Operational Security was later formed with a staff of former police and intelligence personnel, to prevent fraud within News Corporation’s ranks, identify anyone making pirate smart cards and take legal action against them.

A trail of destruction

According to the AFR evidence, NDS carried out a labyrinthine series of global double deals, to severely damage News Corporation’s rivals in the battle for pay TV control.

News Corporation has always denied that NDS or Operational Security engaged in criminal activity. Criminal charges against News Corporation in the US failed, and there were no Australian laws against the activities in which these firms were engaged, at least during the early days of pay TV. Civil actions taken against the company in Australia were dismissed, and in one case heavy damages were awarded against the plaintiff.

However, the AFR now has access to a huge archive of 14,400 emails originally owned by Ray Adams, a former London Metropolitan Police commander, who acted as Operational Security’s European chief between 1996 and 2002.

The Financial Review claims that:

“NDS encouraged and facilitated piracy by hackers not only of its competitors but also of companies such as Foxtel, to whom NDS provided TV smartcards. The [email] documents show NDS sabotaged business rivals, fabricated legal actions and obtained telephone records illegally.”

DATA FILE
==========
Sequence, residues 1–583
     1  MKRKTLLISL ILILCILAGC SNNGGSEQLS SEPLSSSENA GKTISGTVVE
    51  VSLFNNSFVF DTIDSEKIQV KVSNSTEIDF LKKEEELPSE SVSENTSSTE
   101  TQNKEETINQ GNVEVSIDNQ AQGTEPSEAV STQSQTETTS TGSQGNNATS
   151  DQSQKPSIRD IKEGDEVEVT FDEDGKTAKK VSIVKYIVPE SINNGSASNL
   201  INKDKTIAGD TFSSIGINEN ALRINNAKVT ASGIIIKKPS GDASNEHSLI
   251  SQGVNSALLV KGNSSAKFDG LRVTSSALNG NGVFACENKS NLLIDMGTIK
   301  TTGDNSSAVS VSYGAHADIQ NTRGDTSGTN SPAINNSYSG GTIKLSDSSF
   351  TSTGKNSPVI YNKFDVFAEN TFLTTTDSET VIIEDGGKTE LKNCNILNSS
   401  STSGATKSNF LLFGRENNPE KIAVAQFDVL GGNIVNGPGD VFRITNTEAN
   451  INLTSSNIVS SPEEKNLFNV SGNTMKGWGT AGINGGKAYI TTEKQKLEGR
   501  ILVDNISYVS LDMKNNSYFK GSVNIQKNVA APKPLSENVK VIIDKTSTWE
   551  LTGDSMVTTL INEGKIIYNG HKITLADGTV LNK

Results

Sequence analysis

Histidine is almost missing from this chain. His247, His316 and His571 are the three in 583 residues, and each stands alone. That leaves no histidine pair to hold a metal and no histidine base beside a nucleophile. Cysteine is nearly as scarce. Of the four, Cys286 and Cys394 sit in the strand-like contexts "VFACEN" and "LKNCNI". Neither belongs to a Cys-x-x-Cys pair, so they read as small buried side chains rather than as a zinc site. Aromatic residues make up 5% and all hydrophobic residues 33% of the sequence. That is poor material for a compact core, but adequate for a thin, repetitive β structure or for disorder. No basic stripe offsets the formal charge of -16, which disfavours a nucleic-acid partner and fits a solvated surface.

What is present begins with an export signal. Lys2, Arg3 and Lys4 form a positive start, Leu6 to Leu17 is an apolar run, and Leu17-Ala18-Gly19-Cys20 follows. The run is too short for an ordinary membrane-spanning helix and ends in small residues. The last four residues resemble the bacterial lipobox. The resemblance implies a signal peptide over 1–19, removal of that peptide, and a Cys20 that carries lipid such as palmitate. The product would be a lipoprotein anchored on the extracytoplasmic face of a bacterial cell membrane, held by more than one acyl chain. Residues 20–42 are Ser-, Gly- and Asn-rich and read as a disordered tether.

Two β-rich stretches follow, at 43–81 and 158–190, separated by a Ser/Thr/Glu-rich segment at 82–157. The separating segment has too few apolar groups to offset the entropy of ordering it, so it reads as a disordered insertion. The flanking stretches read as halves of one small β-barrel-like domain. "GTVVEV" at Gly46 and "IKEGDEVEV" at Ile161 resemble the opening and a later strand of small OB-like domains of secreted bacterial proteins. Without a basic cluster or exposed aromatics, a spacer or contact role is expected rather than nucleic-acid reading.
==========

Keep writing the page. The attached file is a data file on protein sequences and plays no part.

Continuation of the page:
The AFR emails indicate that NDS issued smartcards that were capable of being quickly or easily pirated. Some of News Corporation’s pay TV competitors were so financially damaged by smartcard piracy that they were sold, in many cases to the Murdoch empire, at knock-down prices.

ONdigital collapsed in 2002, owing more than a billion dollars. While News Corporation was preparing to launch Skyglobal, its own pay TV firm, NDS is said to have deliberately delayed supplying a News Corporation competitor, DirecTV, with “silver bullet” software to protect its smartcards from piracy. DirecTV subsequently incurred losses of $120 million and was finally sold off to News Corporation.

Dirty digger in the dock